Jesus promised to build his church. He assured his disciples that the gates of Hades will never prevail over his church. This wonderful promise is recorded in Matthew 16. It is the first appearance of the word “church” in the Bible.
The underlying term used for church in the ancient Bible language is ekklesia. Bible teachers sometimes point out that ekklesia consists of two parts. The first part is ek, which means from or out of. The klesia part of the word is closely related to klysis,the ancient word for call or calling.
When we put the two parts of ekklesia together, we get something like “called out.” Some Bible teachers conclude from this combination that church means the called out ones, or those who are called out. In other words, “church” means those who are called out from this world of unbelief, called out from those who are in rebellion against God.
Come out of the world and be different! Be holy! That’s certainly an important part of God’s call to his people, his church. Believers are called to come out and be distinct from the unbelieving world. However, the word ekklesia means more.
First of all, we should note that combinations of words don’t always determine or even hint at the resulting meaning. For instance, butterfly does not mean that dairy products sail through the air on wings. The combination of butter and fly creates a completely new meaning: a delicate little critter with beautiful markings.
The word ekklesia is not bound by the meaning of its parts. The combination creates a fresh emphasis. Ekklesia is not focused entirely on what Christians leave behind, called out of the world. Instead, it points to what we are called to. The word emphasizes the fact that followers of Jesus are a people who gather together in an assembly.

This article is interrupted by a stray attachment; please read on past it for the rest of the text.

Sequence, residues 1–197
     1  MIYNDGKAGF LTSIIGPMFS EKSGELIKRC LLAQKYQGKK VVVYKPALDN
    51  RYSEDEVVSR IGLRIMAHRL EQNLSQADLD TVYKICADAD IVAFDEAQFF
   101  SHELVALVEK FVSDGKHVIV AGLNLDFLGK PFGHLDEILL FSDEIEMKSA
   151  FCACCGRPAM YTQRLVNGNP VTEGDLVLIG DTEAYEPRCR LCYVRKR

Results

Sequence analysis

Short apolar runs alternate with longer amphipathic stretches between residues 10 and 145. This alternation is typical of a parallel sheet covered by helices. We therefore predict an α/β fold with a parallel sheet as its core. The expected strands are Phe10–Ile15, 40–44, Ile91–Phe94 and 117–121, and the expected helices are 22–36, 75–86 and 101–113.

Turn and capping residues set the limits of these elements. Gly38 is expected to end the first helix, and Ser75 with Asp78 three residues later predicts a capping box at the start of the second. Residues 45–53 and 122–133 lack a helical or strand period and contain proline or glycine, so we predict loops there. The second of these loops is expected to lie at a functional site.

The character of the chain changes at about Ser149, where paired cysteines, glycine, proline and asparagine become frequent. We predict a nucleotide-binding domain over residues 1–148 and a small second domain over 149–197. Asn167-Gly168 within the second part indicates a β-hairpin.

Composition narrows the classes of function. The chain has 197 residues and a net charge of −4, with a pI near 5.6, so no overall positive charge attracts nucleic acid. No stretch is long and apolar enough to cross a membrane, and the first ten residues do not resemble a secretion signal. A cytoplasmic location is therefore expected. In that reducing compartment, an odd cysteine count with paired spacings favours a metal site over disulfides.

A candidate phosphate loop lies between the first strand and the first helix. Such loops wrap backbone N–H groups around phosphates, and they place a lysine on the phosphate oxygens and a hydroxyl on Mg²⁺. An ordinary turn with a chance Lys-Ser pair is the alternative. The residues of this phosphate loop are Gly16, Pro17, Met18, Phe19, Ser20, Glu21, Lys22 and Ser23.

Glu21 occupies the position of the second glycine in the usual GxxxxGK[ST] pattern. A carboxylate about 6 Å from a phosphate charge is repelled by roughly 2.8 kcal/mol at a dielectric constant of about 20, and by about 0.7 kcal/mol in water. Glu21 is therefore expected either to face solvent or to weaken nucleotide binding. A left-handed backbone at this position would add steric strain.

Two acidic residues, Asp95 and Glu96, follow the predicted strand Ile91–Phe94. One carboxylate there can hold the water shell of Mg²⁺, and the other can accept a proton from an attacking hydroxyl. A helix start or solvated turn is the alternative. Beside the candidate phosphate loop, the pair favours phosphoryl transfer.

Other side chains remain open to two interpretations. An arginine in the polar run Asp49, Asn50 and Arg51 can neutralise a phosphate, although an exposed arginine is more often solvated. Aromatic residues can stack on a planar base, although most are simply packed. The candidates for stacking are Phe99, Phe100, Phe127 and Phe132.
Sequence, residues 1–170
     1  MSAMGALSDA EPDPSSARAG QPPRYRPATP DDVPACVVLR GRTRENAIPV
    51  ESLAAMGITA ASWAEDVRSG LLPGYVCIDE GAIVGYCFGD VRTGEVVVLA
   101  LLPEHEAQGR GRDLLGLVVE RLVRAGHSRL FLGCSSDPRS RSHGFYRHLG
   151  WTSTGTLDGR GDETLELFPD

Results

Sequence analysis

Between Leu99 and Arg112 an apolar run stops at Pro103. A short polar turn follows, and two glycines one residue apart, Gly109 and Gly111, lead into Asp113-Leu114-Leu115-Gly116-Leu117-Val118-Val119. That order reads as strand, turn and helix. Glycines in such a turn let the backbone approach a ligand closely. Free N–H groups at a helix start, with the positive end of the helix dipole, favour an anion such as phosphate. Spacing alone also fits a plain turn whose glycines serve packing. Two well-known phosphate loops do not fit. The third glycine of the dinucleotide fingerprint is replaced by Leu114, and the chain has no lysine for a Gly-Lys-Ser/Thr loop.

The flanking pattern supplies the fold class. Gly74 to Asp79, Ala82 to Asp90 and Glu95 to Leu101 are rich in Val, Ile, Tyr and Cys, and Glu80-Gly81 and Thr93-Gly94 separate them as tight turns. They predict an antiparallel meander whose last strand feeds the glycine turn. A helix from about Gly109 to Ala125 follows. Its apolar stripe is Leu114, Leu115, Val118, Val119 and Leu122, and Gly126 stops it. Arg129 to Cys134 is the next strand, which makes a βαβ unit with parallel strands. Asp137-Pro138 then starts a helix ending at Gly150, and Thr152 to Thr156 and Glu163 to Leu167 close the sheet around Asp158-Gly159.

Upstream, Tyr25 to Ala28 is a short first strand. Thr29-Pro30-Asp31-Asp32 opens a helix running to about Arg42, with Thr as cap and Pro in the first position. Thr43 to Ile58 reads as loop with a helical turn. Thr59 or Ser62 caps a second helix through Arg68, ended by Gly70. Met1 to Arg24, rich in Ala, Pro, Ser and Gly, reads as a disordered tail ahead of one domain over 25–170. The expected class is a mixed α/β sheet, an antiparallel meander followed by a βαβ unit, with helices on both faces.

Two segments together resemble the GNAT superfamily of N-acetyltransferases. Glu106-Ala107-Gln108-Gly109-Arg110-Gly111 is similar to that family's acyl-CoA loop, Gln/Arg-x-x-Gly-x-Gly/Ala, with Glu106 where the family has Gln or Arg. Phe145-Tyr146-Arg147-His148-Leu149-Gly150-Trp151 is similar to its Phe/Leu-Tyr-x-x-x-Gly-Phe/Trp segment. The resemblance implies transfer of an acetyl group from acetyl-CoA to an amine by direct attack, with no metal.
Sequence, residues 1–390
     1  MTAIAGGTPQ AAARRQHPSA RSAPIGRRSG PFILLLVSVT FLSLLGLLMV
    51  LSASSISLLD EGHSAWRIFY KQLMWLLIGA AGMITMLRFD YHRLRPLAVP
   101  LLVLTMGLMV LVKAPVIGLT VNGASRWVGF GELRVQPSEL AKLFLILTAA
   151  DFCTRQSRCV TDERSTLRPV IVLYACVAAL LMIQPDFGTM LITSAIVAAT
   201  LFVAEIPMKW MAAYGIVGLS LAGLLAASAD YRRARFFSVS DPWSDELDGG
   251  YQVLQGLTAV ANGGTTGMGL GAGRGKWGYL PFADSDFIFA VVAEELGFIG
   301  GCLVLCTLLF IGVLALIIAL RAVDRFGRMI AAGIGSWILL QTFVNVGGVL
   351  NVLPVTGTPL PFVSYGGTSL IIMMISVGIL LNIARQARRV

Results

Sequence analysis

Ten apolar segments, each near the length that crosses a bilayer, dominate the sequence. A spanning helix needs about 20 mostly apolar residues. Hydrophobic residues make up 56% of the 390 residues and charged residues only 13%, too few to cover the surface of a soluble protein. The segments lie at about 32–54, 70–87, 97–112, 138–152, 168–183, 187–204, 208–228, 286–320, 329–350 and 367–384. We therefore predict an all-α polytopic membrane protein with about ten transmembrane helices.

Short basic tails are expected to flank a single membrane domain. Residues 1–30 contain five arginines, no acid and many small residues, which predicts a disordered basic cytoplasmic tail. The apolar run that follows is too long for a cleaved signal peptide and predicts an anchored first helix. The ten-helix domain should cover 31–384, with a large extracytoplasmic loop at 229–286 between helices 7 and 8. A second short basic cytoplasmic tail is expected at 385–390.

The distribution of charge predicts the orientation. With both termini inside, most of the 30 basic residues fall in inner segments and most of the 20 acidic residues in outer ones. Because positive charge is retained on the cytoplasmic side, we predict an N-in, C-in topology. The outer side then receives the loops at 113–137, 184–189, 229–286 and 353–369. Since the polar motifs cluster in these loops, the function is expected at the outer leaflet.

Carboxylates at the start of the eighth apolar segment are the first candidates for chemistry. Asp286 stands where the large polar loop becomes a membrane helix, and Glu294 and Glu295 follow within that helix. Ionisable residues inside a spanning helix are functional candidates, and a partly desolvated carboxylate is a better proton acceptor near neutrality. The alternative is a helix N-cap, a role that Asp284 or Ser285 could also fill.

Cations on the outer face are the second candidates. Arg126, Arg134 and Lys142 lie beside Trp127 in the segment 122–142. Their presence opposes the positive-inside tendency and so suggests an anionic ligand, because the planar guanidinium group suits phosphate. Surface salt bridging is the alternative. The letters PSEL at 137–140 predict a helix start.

We are the “assembly” of believers, so we assemble. We gather. Another English word that expresses the meaning of ekklesia well is “congregation.” As followers of the Lord Jesus Christ, we congregate with one another.
If we limit the word ekklesia to a negative connotation, being called out from, then we could stay at home alone and convince ourselves that we are being the church. After all, we have left the world behind, right? But leaving the world and being alone is not the meaning of church.
Staying at home to worship alone is halfway church. Retreating alone to a favorite place in nature for private worship is only going halfway to church. It is retreating from the unbelieving world, but it is not gathering with believers.
When we follow Jesus, we gather with brothers and sisters in the Lord. We congregate with Christ’s people, his church. We assemble for Christian fellowship and God meets with us in a special way.
When we assemble for Christian fellowship and worship, we send a message to the world: God is alive and well and working in us and among us! Our meetings are meant to be a positive witness to the world. Our meetings are meant to show the world the love of Christ.
Every enemy we have tries to keep us from church. The world works to lure us away by planning its best activities during church time. The devil whispers in our ear about what a failed and pathetic group God’s people is. Our own flesh, the sinful nature, urges us to pursue personal fun instead of public faith.
When we listen to God’s Spirit and follow his ways, we fellowship with our brothers and sisters in the Lord. We grow in grace and in the knowledge of our Lord Jesus Christ. We worship and serve God together. We are a light in a dark world. We fulfill our eternal calling.
Going halfway to church is not far enough. Let’s be faithful in our generation. Let’s go all the way to church!